You are interested in evaluating the benefits and harms associated with the use of thrombectomy devices in acute coronary syndromes. You need to determine what literature is available to conduct your review.
Your due diligence pays off. You now realize that your initial search “thrombectomy AND acute coronary syndrome” would compromise the recall. Using “((Thrombectomy OR MerciClot.mp OR “other devices names”) AND (acute coronary syndromes OR myocardial infarction OR angina, unstable))” would assure better recall without appreciably impacting precision.
You decide to search the U.S. Food and Drug Administration Web site and ClinicalTrials.gov to identify studies that might be appropriate for your systematic review. These Web sites are sources of what kind of documents?
You conduct a thorough search of MEDLINE and Cochrane Central, use two searches (one for “benefits” and another for “harms”), and employ targeted hand searching and grey literature evaluation. What is the last thing you need to remember to do that is germane to searching?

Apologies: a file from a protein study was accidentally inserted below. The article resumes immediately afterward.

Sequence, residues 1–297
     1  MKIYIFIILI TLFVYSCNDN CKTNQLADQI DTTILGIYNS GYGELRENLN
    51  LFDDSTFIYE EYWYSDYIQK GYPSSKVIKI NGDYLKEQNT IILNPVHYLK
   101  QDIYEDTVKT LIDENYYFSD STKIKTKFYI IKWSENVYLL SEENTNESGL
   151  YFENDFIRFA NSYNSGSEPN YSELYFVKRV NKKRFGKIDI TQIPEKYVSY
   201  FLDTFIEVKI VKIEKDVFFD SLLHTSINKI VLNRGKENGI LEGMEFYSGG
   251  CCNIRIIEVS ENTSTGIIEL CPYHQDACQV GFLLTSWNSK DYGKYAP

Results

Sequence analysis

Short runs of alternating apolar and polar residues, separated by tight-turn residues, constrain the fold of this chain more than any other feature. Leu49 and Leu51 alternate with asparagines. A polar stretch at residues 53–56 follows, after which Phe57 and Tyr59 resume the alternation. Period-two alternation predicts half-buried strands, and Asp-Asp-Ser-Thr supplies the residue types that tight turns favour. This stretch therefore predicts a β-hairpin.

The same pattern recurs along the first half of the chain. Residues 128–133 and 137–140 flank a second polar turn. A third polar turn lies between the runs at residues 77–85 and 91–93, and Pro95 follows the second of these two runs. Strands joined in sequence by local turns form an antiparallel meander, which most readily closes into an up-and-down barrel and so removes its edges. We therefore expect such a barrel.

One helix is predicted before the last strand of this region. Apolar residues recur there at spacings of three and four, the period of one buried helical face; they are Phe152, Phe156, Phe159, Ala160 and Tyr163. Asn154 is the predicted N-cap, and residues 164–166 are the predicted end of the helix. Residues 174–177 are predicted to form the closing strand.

Choose only citations that agree with your preconceived notions.
Selectively report aspects of your search strategy.
Provide transparent reporting of search strategies and the citations you identified.
This quiz was p repared by C. Michael White, Pharm.D., FCP, FCCP, a member of the University of Connecticut/Hartford Hospital Evidence-based Practice Center.
T his module is based on chapter 5 in version 1.0 of the Methods Reference Guide for Effectiveness and Comparative Effectiveness Reviews (available at: http://effectivehealthcare.ahrq.gov/repFiles/ 2007_10Draft MethodsGuide.pdf) .